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the 2008 financial crisis was with certain monetary and fiscal changes. these things come and go. they are short-term things. you have to look at the innovation. you have to look at the capabilities. they are unleashing an economy that has innovation. it has entrepreneurship that exists here that never did exist here. the vitality is in a terrific place. look at the capabilities of the people. are thethat those things that matter most, in terms of picking a good place. >> other opportunities for the fund management industry in china given the changes -- are there opportunities for fund management -- the fund
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management industry in china given the changes? willmy sense is that there be a broad opening up, because they also want to bring in the skill sets. one of the great developments in china is to bring in the best world-class standards. if you want to build an automobile industry, you bring in the best automobile companies to help bring about world-class standards. because financial reform is such a big thing it will be part of a process to bring in the best of the world and the best practices. >> how do you view the climate in europe? are you concerned about political risk in the region? whether it is italian elections or the ecb's unwinding of balance sheets. ray: i think that there is today, and there is what it used to be.
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the ecb and mario draghi should be congratulated and thanked for taking us through the crisis. do you print money? the germans argue with the italians, and so on. now look at it. we have been through the worst debt crisis. we have had a beautiful deleveraging. the debt crisis is now behind us. we are now in a situation where growth is improving. of course it could always be better. you could have more structural reforms, but there have been quite a bit of structural reforms. we are in a situation in which growth is positive, the debt es are not as difficult as they were. we are having on inflation problem. 2% is a that is not a big problem.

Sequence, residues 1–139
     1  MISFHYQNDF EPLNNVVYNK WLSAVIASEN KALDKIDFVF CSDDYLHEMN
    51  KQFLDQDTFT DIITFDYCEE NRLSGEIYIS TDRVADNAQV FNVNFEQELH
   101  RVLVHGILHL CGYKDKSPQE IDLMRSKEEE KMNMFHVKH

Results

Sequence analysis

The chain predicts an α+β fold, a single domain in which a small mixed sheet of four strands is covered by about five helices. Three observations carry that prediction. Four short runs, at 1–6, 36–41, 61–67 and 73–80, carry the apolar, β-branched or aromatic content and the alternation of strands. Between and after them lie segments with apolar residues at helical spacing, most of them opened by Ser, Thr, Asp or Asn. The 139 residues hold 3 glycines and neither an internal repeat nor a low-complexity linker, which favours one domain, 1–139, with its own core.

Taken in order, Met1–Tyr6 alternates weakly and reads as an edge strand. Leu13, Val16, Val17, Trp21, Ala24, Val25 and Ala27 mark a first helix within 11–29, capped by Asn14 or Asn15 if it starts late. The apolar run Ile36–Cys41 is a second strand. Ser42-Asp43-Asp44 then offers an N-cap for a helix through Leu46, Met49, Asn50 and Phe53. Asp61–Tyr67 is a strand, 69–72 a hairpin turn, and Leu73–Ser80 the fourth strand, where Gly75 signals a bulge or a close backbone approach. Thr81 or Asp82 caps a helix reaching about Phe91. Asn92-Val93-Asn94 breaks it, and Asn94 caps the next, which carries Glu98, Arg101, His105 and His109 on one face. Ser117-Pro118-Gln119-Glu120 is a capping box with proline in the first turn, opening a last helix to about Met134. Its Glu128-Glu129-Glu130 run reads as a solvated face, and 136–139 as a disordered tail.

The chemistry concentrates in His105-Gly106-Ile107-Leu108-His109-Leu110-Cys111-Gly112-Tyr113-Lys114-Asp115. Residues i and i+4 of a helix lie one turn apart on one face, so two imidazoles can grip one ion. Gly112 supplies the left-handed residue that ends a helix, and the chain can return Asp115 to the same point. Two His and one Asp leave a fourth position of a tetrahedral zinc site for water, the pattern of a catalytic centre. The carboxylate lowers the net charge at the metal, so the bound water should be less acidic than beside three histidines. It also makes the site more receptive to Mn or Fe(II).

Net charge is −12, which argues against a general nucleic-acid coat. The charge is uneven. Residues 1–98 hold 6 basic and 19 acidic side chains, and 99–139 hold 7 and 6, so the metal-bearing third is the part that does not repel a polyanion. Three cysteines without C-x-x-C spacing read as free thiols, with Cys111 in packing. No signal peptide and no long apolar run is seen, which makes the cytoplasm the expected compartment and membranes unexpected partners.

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the issue still has to do with keeping this expansion going. there is the challenge between the haves and the have-nots. this is a worldwide challenge. slidest not have economic back, because that is where the real political problems are. that is where the challenges are. i am not worried about too much inflation in europe. i think we are on a good
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>> because it is too low, or too high? isn't that a funny question. because there is a lot of concern that it was too low. should we be concerned that it is too high? i do not think we should be concerned it is too high. we are still struggling to get it to 2%. if you get to 2.5% inflation, is that a problem? i do not think we will hit 2.5% inflation for a core inflation rate, but is that a problem? europe, is that a problem that there is too little inflation or too much, i don't know. i am not particularly concerned. what i am concerned, as we go into the later parts of these cycles, the challenge of central banks will be to get it perfectly. right? >> where are we in the cycle now? we areio: in the u.s., in the later part of the cycle.